EY provides four primary tests to establish tax residency, which it draws from the OECD Model Tax Convention on Income and on Capital. These are: having a physical presence in a country for a minimum amount of time, for example just over half the days in the year; having a permanent home available in a country; having a centre of vital interests there; and having a habitual abode in a place, such as staying in a country as part of an individual”s settled routine.
St Kitts and Nevis refers primarily to common law jurisprudence in its determination of who is and is not liable to tax. This has resulted in the Federation looking at an individual”s degree of permanence and continuous physical presence and, in practice, in an evaluation of whether the individual has spent a minimum of six months in an income year in St Kitts and Nevis, and whether St Kitts and Nevis is his or her permanent home.
The EY report clearly sets apart citizenship and tax residence, which is reflected in its determination of whether CBI programmes, such as that of St Kitts and Nevis, should cause concern as regards tax reporting under the Common Reporting Standard (CRS) and the circumvention of tax obligations to third countries. It states: ‘citizenship is a concept distinct from tax residency. Citizenship should not give rise to tax avoidance and evasion opportunities, as the reporting rules are explicit in not using citizenship as a test.’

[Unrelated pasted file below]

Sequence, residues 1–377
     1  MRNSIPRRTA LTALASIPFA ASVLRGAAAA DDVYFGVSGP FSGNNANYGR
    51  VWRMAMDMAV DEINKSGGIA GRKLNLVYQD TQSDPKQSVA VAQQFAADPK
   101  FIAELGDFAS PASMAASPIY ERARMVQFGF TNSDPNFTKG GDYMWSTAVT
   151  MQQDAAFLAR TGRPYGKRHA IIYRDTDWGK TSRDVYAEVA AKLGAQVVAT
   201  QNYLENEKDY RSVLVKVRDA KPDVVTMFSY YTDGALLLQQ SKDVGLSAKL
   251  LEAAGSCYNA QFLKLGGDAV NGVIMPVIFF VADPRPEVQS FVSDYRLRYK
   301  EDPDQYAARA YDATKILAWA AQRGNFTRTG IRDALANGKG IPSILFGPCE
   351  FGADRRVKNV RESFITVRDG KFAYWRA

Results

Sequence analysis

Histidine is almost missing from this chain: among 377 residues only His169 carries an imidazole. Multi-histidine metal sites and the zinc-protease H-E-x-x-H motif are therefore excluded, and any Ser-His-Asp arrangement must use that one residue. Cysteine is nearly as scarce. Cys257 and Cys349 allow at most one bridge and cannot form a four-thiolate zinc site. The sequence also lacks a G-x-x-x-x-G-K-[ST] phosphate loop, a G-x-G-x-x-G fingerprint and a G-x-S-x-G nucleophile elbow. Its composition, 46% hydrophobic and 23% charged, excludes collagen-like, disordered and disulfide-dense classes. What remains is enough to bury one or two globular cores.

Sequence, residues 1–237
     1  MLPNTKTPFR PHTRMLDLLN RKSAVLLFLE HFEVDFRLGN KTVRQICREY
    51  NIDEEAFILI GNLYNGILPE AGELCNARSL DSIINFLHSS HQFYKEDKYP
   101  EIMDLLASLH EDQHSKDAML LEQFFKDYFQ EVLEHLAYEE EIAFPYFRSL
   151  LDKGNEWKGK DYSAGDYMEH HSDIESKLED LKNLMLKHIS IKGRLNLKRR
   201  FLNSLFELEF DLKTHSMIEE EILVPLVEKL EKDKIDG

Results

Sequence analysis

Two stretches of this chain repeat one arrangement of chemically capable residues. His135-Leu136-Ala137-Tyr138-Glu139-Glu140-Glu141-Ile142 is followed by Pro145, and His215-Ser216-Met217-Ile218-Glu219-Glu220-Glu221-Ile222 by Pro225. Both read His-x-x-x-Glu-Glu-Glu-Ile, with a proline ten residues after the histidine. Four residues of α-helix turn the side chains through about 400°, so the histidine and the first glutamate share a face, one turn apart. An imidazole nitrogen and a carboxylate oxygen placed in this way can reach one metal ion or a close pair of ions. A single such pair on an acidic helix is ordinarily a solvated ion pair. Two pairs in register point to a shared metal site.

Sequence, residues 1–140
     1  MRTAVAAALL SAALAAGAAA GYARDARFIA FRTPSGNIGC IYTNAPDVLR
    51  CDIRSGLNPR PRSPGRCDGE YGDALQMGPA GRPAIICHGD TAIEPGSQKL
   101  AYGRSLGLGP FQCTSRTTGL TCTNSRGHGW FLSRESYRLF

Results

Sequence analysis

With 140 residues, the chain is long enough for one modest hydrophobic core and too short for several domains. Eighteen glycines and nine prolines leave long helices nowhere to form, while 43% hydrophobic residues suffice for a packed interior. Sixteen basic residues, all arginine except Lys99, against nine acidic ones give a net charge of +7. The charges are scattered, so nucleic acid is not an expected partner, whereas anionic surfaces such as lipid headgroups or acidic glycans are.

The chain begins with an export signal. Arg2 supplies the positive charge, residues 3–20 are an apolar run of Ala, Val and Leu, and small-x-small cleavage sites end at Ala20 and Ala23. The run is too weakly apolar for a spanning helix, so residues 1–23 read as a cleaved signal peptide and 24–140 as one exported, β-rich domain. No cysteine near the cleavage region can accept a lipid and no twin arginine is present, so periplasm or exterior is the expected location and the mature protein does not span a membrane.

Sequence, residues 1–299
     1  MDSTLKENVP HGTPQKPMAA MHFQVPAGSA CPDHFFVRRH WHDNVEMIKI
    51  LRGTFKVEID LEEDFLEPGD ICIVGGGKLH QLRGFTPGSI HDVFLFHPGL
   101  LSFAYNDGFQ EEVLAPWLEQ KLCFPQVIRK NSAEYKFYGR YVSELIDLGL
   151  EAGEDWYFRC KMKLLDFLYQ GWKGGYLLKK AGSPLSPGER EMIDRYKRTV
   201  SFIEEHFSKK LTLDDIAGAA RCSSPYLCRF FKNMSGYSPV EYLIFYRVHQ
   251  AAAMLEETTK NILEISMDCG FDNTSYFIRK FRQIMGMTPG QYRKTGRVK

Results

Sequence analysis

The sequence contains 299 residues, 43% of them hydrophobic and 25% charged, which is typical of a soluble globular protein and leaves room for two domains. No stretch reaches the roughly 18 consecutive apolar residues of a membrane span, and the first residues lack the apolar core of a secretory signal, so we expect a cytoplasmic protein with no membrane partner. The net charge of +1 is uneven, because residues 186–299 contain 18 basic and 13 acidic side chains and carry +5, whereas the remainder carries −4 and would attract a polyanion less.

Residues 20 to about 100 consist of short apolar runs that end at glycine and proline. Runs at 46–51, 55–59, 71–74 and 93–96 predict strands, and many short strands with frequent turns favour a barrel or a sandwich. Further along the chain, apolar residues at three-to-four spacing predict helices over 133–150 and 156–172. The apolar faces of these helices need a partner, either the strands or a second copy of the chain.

The St Kitts and Nevis CBI Programme can grant entrepreneurs and their families second citizenship in return for a contribution to a national development fund known as the Sustainable Growth Fund, which was introduced last year by Prime Minister Timothy Harris and is thought to be the most straightforward route to St Kitts and Nevis” citizenship. The Programme prides itself on operating at an industry-recognised Platinum Standard and on its decades of experience in granting eligible applicants second citizenship. Established in 1984, the St Kitts and Nevis CBI Programme is the world”s longest-running and has pioneered many of the best practices used by other countries that operate CBI programmes today. Indeed, St Kitts and Nevis recently became the first Caribbean CBI jurisdiction to operate a digital fingerprinting system. St Kitts and Nevis does not operate a residence by investment programme, nor is there any intention to establish one in the future.
LONDON, March 21, 2019 /PRNewswire/ — St Kitts and Nevis” Citizenship by Investment (CBI) Programme does not promote tax avoidance or evasion, a report published last week by the multinational accounting firm Ernst and Young (EY) concluded. The report notes that ‘citizenship should be distinguished from tax residence’ since the obligation to pay taxes is ‘built around the degree of personal socio-economic links with a country’, rather than one”s citizenship status.